5. Take your personal safety and security seriously. In most countries you will visit, you probably won’t have to worry about major crime. The fact is, petty crime such as pick pockets, etc., exists in all cities. Keep your passport, credit cards, cash, travel tickets, and I.D. in a hidden travel belt. I have always resisted this suggestion, but during our long recent trip, I decided to wear one and found it quite convenient.

6. If you have any other questions about your health and safety in a country you plan to visit, here are two more links that will keep you informed:

Current Travel Warnings and Current Travel Alerts

Bon Voyage


“He’s Got A Gun!”

Given the numerous recent shootings in the news, probably each one of us have questioned what we would do if someone yelled, “He’s got a gun?”

Unfortunately, I’ve had that experience. Several years ago while teaching at a California State University, I was having coffee with two of my students after an early morning class in the outdoor patio of the student union. We were seated at a table next to a cafeteria parking lot separated by a three-foot wall. All of a sudden we heard an explosion in the direction of the parking lot. My first thought was something in the kitchen area must have blown up. We all stood in curiosity just as there was another explosion. This time I could see the flash point and source of the explosion. It was a young man with a rifle and he had just fired another shot point-blank at a person lying in the shrubbery. The gunman then turned and began to walk directly toward us.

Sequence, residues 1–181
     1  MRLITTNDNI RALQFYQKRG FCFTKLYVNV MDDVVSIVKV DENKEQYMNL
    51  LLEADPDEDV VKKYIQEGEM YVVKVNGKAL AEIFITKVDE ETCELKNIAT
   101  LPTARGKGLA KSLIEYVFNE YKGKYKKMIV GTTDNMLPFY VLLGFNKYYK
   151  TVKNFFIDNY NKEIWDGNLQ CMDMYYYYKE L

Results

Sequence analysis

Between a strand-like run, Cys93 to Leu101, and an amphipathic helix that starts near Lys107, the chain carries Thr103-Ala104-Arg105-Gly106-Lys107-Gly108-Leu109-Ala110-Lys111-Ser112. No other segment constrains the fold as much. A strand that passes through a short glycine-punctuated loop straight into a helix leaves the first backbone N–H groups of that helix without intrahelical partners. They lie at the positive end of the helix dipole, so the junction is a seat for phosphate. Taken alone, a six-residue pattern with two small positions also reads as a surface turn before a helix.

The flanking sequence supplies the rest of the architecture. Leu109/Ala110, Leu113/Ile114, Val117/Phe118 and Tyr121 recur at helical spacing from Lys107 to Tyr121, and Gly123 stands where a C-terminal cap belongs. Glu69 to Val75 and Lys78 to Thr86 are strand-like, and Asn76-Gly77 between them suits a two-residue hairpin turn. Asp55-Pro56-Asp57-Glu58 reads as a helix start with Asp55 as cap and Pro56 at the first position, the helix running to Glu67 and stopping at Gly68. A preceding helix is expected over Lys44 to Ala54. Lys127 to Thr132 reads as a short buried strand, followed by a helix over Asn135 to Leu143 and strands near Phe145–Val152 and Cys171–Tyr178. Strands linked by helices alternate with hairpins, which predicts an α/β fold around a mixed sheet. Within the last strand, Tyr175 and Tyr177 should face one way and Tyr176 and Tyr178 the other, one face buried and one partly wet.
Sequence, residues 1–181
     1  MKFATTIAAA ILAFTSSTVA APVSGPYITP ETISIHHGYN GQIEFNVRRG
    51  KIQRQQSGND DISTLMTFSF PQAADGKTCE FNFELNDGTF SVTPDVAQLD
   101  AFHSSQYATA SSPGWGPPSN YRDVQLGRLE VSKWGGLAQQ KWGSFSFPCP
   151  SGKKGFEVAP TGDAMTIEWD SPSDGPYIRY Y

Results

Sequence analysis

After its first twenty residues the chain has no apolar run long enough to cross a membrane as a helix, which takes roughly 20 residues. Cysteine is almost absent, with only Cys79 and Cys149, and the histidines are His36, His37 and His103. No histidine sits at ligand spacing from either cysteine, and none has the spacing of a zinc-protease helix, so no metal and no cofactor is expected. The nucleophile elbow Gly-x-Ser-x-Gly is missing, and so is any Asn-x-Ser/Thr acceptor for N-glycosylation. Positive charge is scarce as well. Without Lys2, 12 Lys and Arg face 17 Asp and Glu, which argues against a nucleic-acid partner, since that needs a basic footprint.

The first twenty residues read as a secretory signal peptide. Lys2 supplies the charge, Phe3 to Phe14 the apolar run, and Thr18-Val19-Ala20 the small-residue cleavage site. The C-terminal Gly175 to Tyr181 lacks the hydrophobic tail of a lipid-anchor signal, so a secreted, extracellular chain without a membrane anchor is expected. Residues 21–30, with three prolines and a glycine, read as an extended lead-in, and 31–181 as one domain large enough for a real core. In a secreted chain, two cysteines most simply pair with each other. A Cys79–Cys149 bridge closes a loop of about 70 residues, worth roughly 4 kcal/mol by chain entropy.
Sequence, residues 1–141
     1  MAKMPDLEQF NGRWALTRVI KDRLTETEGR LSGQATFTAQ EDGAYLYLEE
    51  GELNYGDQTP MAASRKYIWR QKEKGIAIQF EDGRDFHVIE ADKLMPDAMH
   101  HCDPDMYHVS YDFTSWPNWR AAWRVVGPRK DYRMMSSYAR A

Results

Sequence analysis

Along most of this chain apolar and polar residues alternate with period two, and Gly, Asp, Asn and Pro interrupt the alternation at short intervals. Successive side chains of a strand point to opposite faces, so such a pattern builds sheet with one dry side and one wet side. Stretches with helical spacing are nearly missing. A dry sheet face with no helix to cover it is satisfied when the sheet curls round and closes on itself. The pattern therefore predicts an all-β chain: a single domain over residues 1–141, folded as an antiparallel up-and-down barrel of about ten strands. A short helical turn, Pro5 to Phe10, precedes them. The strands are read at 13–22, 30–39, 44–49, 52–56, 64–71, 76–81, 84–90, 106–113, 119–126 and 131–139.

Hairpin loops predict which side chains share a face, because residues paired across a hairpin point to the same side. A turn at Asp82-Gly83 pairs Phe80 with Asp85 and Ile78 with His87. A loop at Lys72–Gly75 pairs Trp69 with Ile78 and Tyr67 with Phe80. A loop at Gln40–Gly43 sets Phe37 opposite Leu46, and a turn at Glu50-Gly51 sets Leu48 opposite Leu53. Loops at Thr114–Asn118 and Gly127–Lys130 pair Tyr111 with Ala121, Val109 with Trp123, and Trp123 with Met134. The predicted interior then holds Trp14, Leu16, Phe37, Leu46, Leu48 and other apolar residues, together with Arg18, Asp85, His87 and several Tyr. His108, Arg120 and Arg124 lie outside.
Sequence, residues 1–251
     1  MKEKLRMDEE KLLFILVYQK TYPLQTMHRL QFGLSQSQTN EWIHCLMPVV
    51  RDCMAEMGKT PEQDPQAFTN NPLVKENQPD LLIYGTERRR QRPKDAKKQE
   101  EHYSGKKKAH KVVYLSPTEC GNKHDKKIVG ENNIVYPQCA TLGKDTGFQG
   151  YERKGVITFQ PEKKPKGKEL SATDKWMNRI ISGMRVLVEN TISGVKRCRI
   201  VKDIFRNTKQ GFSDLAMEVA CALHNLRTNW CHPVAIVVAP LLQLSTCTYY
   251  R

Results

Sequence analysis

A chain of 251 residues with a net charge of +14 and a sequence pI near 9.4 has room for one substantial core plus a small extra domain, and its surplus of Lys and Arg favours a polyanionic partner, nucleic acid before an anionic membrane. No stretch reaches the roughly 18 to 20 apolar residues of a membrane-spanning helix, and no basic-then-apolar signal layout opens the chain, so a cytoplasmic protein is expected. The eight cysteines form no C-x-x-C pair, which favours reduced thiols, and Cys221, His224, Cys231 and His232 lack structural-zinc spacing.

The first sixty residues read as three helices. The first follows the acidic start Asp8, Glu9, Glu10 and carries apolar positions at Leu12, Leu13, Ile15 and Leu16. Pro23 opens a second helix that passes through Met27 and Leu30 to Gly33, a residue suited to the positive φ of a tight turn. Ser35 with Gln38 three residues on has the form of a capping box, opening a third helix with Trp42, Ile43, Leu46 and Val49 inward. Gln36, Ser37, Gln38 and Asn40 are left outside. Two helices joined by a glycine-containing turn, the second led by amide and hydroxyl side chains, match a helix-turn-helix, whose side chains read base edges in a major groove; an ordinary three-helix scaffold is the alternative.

I don’t recall many specifics of the next few seconds. I do remember a sense of disbelief followed by a surge of white-hot terror. The next day, both my male and female students would tell me I grabbed each of them by the head and pushed them to the ground. I don’t remember doing that but I’m sure some paternal instincts were involved. They also said they could see my head moving back and forth and my eyes darting all around. When they described my behavior I did recall desperately looking for something to throw at the gunman. After all, I’m an old baseball player and I’m sure I thought I might be able to knock the rifle out of his hands. Very stupid. It never worked in the movies, and I’m sure it wouldn’t have worked then.